Sunday, May 15, 2011

Chicken Update Part Deux

Suffice it to say, the chickens are growing rather rapidly and can now eat their weight in chicken mash. I also need to change their water at least twice a day because they insist on pooping in it. They bring the concept of "water with floaties in it" to a whole new level.

Julia, once the cute, fluffy, yellow chick you think of on Easter and color in springtime coloring books is now the epitome of ugly. Her snowy dander is now being replaced by orange tinted feathers and if you didn't know what stage she was in, you might think someone ws plucking her feathers instead of new ones growing in. I'm 70% certain that she's my Buff Orphington, even though that's the chicken my middle daughter wanted. I'm pretty sure that Giraffe (middle daughter's chicken) is in fact, the Rhode Island Red.

Here is Giraffe. She actually has beautiful color and her feathers are gorgeous. I mean, if you can call a chicken in this tween stage gorgeous. It's all relative.

All the pictures I have of Blackie are out of focus. That's because she's nosy and wants to see what the camera is all about. Her feathers are coming in black and white..slightly reminiscent of houndstooth pattern. Poor Blackie seems to get picked on by the other chickens. She's a tiny bit slow, I think, and you know how chickens pick up on things like that. She also always has poop stuck to her butt, which I'm sure is why the other chickens cluck and cackle at her, wondering why the heck she can't poop with dignity like the rest of them. Needless to say, when I hold Blackie, I always have a towel.

May is the flock bitch. I'm sorry to say it, but she's clearly got Napoleon Syndrome, and she throws her weight around acting like she's the chicken in charge. She forces the other chickens out of the food and the water and then waddles her fat butt up to take their place. Blackie is usually the target of most of her scorn, but she's an equal opportunity bee-otch. I'm pretty sure you won't see her sleeping outside during the winter; she'll have the best roost in the chicken coop and she'll let everyone know it. All I have to say is that her eggs better be gorgeous. (They are supposed to be blue-green.)

Here are the girls going after the food I just put in their cage. Mind you, they have food in this thing 24 hours a day, and yet when they run low they squawk like they haven't been fed in years. A lot like my kids, come to think of it. I can't wait to put the chickens outside because it will be six less things-that-breathe complaining that they are hungry.

Yep. The girls still live in this pack n'play, which is now covered with a baby gate so they don't fly out. Much like taking their first baby steps, the tweens can now fly a bit and a couple of them have made it to the edge of the playpen. The last thing I need is to clean up chicken poop from flying chickens, so gated they have become. And here's a toast to not getting rid of all the baby paraphernalia!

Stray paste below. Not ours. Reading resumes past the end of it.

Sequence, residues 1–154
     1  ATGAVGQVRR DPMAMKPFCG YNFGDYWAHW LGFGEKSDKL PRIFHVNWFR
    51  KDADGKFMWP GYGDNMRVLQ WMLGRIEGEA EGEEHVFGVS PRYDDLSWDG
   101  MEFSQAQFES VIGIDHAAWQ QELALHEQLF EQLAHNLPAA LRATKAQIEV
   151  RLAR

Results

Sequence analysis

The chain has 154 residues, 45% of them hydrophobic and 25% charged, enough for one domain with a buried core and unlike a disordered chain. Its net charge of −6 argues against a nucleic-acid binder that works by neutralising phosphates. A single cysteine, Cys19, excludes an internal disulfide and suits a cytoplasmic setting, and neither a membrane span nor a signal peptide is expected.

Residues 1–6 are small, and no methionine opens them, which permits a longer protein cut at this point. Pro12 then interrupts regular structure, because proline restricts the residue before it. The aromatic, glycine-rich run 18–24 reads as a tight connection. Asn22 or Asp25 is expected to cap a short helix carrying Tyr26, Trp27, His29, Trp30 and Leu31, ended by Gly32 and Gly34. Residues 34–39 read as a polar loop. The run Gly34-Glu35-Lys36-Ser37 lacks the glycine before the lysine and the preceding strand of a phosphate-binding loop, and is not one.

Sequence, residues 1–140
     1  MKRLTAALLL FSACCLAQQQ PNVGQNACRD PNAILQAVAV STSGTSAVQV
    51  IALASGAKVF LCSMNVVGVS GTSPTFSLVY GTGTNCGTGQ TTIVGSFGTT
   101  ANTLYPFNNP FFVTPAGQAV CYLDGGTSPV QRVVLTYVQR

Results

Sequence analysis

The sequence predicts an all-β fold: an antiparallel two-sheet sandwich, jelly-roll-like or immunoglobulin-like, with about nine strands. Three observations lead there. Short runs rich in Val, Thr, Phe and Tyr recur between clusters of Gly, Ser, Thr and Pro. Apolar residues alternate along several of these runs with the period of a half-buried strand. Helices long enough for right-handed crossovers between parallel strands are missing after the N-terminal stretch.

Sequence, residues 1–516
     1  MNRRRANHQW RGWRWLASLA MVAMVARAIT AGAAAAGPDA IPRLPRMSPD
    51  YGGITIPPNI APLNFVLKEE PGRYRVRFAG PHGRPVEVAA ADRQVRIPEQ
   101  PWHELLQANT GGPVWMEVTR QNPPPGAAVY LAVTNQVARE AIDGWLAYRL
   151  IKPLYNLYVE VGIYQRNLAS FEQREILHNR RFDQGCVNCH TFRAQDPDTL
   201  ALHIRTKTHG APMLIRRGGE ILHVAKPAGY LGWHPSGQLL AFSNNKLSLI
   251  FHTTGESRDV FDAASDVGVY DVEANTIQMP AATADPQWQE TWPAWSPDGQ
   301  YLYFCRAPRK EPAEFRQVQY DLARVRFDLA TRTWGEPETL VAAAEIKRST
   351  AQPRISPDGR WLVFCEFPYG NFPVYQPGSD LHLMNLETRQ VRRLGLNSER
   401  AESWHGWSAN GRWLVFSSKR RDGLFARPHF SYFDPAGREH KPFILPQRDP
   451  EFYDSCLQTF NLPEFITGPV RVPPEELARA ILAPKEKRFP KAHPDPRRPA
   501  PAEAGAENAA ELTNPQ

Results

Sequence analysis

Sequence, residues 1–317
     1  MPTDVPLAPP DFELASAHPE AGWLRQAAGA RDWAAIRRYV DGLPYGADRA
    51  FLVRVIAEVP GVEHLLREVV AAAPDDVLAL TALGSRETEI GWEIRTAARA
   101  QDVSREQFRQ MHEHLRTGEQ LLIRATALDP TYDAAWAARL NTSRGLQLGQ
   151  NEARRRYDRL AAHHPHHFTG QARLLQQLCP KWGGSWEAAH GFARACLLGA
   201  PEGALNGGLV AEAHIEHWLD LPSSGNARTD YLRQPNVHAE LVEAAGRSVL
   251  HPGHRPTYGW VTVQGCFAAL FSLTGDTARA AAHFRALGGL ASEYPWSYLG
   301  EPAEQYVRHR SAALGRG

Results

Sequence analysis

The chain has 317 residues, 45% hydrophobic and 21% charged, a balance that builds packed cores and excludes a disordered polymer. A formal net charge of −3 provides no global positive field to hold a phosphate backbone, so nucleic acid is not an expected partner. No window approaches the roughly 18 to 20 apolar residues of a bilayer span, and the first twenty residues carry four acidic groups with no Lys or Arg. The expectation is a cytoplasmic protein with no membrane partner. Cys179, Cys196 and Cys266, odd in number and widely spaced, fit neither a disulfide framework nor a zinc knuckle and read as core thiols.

This, ladies and gentlemen, is the new door for my chicken coop! Isn't it beautiful? The open part will be covered with chicken wire eventually, and it hinges on the left so the door can open almost all the way around the wall. In theory, this should make it easy to clean the coop. That remains to be seen since the chickens aren't outside yet. But dang the coop is looking good!

Hubby installed the shelf a little differently than planned, but I like it even better. The shelf will stay where it is and the nesting boxes will be removable  for easy cleaning. Under the nesting boxes Hubby cut a chicken door that will lead to their outside back porch. We'll be able to open and close this door from the outside.

Here's what the door looks like on the outside. Once cover this area with chicken wire, the girls will have access to outdoor air and sunshine during the fall, spring, and summer. During the winter I think they'll want to avoid the snow.

This is the new sliding door that closes in the coop and the storage. The other door was rotted and warped. Hopefully this new door will also keep out the predators looking for a nice chicken dinner.

Here is the old door. Pretty sorry looking isn't it?


Ellen said...

So, is the coop a shed or a part of a garage? I am curious because we are going to do chickies part dos also (now that our first ones were eaten by a raccoon). We are revamping our coop and trying some new strategies for keeping out the predators.

Ellen said...

Also, we had a chick named Blackie and two Buff Orpingtons who were named Buff and Ping. Sad to thing about them now that they are gone. Sniff, sniff.

Tara said...

I'm so jealous. Can't even get Mr. R to agree to a dog.

Rachel said...

The coop is under our playhouse in the backyard, so it already was a pretty good enclosure. My hubby sealed all the cracks with spray foam, boarded up the inside walls and ceiling with plywood, and then made a door inside the door, as it were, to help keep out predators. If they make it in the big sliding door, hopefully they won't be able to get inside the chicken coop door as well. We've yet to enclose the sunporch with chicken wire, but this area will need to be safeguarded as well since it will be exposed to the outside and we can't see it from our house. We have owls that live right next door, as well as fisher cats, and coyotes (I think, but i've never seen them) so I'm also trying to prevent poultry deaths. My favorite (and only) resource is The Joy of Keeping Chickens, by Jennifer Megyesi. She has a section on predators and how each different one kills chickens so you can determine what animal you need to be wary of. Let me know how it goes!